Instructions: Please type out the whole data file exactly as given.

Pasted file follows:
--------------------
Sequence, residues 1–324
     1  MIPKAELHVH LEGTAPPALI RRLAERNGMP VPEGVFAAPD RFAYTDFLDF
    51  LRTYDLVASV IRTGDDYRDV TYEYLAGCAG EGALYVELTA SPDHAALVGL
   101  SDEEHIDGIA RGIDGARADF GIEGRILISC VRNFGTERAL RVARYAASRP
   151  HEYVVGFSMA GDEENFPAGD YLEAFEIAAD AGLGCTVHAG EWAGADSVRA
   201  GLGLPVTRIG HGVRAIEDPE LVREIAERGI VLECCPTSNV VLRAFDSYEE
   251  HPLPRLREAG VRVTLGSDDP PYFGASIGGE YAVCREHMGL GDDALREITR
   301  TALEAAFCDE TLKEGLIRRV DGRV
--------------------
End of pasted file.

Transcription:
Sequence, residues 1–324
     1  MIPKAELHVH LEGTAPPALI RRLAERNGMP VPEGVFAAPD RFAYTDFLDF
    51  LRTYDLVASV IRTGDDYRDV TYEYLAGCAG EGALYVELTA SPDHAALVGL
   101  SDEEHIDGIA RGIDGARADF GIEGRILISC VRNFGTERAL RVARYAASRP
   151  HEYVVGFSMA GDEENFPAGD YLEAFEIAAD AGLGCTVHAG EWAGADSVRA
   201  GLGLPVTRIG HGVRAIEDPE LVREIAERGI VLECCPTSNV VLRAFDSYEE
   251  HPLPRLREAG VRVTLGSDDP PYFGASIGGE YAVCREHMGL GDDALREITR
   301  TALEAAFCDE TLKEGLIRRV DGRV